CNN – Summer is a time of frolicking in the sun and splashing in the pool. But there’s a darker side to all the carefree fun: Pools and spas remain a major source of unexpected tragedy.
In the summer of 2018, Emeline "Emmy" Miller, a 19-month-old toddler, wandered into a neighbor's pool outside the watchful eyes of parents and friends. She fell in and drowned.
"She slipped out the back door, and in the space of minutes she was gone," said her mother Morgan Miller, in a new PSA video from the American Academy of Pediatrics about the risk of childhood drownings.
"Drowning is preventable," said Emmy's father, decorated Olympic skier Bode Miller looking directly into the camera.
The couple call on parents to talk to their pediatricians and educate themselves on how to keep children safe.
Drowning kills hundreds of kids each year
Drowning kills more children ages 1 to 4 than any other cause, with the exception of birth defects, according to the US Centers for Disease Control and Prevention.
And though many pools may be closed or have limited hours this summer due to the pandemic, it's especially important to be mindful because many children who drown slip unnoticed into pools. And 56% of child drownings are attributed to a lack of adult supervision, the Consumer Product Safety Commission noted.
An average of 379 children under age 15 die in reported drownings linked to pools or spas each year, the CPSC said. That number ticked upward in recent years, hitting 395 deaths in 2017.
Another 6,700 children wind up in hospital emergency rooms each year for injuries related to drownings, an equivalent of 18 children per day, the agency said.
"Our latest report confirms that most child drownings take place at home during the summer months," CPSC acting chairman Robert Adler said in a news release.
"This year, with more families spending time at home, the delayed opening of many public pools and a pause on many traditional group swimming lessons, I urge everyone to take critical safety steps to reverse the upward trend in fatal child drownings."
Widening the scope to include young people under the age of 20, drowning remains a major threat, ranking as the third leading cause of death among that age group.
Nearly 1,000 young people succumbed to drowning in 2017, according to a policy statement published by the American Academy of Pediatrics. That paper observed that a lack of barriers to water access and lack of supervision are two major drivers of young children unintentionally drowning in swimming pools, hot tubs and spas, bathtubs and natural bodies of water.
Some 69% of drowning incidents involving children under age 5 occurred in situations in which the kids weren't expected to be in or near the water, the AAP said, citing CPSC data.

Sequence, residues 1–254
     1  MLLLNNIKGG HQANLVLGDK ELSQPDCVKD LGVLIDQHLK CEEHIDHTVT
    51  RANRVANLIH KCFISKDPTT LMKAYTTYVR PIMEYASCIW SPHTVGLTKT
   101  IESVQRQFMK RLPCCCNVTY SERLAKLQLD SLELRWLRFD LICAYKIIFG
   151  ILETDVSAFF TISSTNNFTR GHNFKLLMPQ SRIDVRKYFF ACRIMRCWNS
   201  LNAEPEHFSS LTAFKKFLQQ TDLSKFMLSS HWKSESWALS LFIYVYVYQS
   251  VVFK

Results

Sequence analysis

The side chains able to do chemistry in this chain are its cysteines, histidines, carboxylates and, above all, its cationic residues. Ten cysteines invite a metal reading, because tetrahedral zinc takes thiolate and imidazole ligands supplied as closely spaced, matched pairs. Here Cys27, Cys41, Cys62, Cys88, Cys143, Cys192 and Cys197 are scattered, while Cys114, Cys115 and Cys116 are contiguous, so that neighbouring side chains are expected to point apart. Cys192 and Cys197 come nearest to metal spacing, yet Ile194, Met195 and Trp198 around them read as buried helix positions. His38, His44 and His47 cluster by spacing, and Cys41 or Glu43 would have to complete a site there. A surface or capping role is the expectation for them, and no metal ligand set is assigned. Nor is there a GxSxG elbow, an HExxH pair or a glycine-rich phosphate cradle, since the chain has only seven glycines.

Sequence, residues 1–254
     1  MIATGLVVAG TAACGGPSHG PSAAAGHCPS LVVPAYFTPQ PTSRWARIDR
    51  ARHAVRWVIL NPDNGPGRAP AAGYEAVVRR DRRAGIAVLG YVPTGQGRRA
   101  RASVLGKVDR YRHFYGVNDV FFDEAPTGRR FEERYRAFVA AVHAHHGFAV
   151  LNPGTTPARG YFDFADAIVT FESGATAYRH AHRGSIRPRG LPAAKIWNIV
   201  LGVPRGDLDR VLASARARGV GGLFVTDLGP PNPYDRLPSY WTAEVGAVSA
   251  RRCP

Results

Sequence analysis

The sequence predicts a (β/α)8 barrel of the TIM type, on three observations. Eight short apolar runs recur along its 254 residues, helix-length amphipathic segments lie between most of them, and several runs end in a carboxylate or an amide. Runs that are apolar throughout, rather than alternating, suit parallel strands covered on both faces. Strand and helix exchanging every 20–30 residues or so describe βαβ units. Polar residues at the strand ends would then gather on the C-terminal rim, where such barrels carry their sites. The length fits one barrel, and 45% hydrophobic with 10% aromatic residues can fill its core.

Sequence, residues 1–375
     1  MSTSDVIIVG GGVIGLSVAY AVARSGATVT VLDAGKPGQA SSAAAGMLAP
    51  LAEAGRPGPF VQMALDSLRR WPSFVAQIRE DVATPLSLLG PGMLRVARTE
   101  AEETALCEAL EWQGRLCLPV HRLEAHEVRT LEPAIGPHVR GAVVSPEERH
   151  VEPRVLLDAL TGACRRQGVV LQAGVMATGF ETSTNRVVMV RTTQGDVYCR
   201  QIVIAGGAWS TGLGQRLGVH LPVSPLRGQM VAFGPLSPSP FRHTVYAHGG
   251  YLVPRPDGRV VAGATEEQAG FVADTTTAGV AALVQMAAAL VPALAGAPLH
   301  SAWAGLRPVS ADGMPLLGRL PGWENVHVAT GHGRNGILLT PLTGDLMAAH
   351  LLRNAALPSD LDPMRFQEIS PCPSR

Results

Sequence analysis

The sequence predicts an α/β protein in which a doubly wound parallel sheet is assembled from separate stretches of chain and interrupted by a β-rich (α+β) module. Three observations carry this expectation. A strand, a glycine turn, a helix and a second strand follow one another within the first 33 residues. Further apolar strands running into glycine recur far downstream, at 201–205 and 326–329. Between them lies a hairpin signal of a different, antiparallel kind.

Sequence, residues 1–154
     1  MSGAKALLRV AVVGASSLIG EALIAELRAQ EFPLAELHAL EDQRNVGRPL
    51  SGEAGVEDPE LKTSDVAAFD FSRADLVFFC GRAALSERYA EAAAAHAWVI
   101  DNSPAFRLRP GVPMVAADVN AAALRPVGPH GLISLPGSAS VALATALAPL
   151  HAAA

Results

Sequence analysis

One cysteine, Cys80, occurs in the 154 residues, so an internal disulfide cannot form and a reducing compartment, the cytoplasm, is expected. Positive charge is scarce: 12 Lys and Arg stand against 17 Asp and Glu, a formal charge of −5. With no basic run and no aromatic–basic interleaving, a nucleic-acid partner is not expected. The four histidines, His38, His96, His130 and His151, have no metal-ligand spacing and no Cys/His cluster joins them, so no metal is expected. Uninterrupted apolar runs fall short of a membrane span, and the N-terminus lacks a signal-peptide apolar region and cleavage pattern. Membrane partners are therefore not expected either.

Children with epilepsy, autism or cardiac arrhythmia are at a heightened risk.
Although drownings have long been a leading cause of death, childhood drowning rates have been more than halved in the last three decades. Unintentional drownings killed 2.68 kids per 100,000 back in 1985, but as safety around water recreation areas has improved, that number had fallen to 1.11 by 2017, according to the AAP.
Keeping your kids safe
There are a number of steps you can take to keep your children out of harm's way.
Closely supervise your children near or around water. Keep close and constant supervision as your kids play in or around water. Don't leave them alone, even for a moment. Most young children who drown in pools had only been left unsupervised for minutes or less, according to a CPSC study.
Fence your pool area. Home pools should be encircled by 4-foot-tall fences on all sides, separating the pool area from the rest of the yard.
Schedule swim lessons. Also, get your kids involved in swim lessons as early as possible. The American Academy of Pediatrics recommends swim lesson for children starting at age 1, and a study in the Journal of the American Medical Association concluded that swim lessons could reduce the risk of childhood drowning by up to 88%.
Get trained in CPR (cardiopulmonary resuscitation). That way, you'll be ready to respond quickly to accidents in or near water.
Read more on the CPSC's Pool Safely public education campaign. More resources are available through Water Safety USA, a consortium of US governmental and nongovernmental organizations dedicated to drowning prevention.
Make sure you’re prepared for water safety
If you're prepared and constantly aware of the situation, you can enjoy spending time at the pool, lake or ocean.
The pain of losing his daughter spurs Bode Miller and his wife to keep fighting to prevent other parents from knowing the anguish that pierced his family's life two years ago.
"I wish I could have one more day to hold you, but until that day comes, continue to work through me and give me the strength to bring awareness, my love," Morgan Miller wrote in an Instagram tribute to their daughter two months after her death.
That caption accompanied a photo of the couple's fragile daughter as she was hooked up to tubes, unable to be saved by doctors and nurses.
"I told you as I held you in this moment that you could still change the world, you could still move mountains," she wrote.
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